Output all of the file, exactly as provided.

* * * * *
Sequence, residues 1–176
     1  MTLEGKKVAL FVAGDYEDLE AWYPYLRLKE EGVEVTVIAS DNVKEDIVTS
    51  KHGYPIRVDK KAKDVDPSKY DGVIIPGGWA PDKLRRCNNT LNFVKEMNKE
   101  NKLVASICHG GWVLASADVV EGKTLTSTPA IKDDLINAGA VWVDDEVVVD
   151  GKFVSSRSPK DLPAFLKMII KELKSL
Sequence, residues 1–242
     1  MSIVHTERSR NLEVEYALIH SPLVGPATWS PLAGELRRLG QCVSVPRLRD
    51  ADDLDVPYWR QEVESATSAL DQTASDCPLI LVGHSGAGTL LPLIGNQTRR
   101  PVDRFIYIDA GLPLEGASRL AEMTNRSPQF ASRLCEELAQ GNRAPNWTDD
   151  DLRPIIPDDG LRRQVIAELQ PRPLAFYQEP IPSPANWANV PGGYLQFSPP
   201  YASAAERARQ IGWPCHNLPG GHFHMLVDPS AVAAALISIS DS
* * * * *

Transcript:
Sequence, residues 1–176
     1  MTLEGKKVAL FVAGDYEDLE AWYPYLRLKE EGVEVTVIAS DNVKEDIVTS
    51  KHGYPIRVDK KAKDVDPSKY DGVIIPGGWA PDKLRRCNNT LNFVKEMNKE
   101  NKLVASICHG GWVLASADVV EGKTLTSTPA IKDDLINAGA VWVDDEVVVD
   151  GKFVSSRSPK DLPAFLKMII KELKSL
Sequence, residues 1–242
     1  MSIVHTERSR NLEVEYALIH SPLVGPATWS PLAGELRRLG QCVSVPRLRD
    51  ADDLDVPYWR QEVESATSAL DQTASDCPLI LVGHSGAGTL LPLIGNQTRR
   101  PVDRFIYIDA GLPLEGASRL AEMTNRSPQF ASRLCEELAQ GNRAPNWTDD
   151  DLRPIIPDDG LRRQVIAELQ PRPLAFYQEP IPSPANWANV PGGYLQFSPP
   201  YASAAERARQ IGWPCHNLPG GHFHMLVDPS AVAAALISIS DS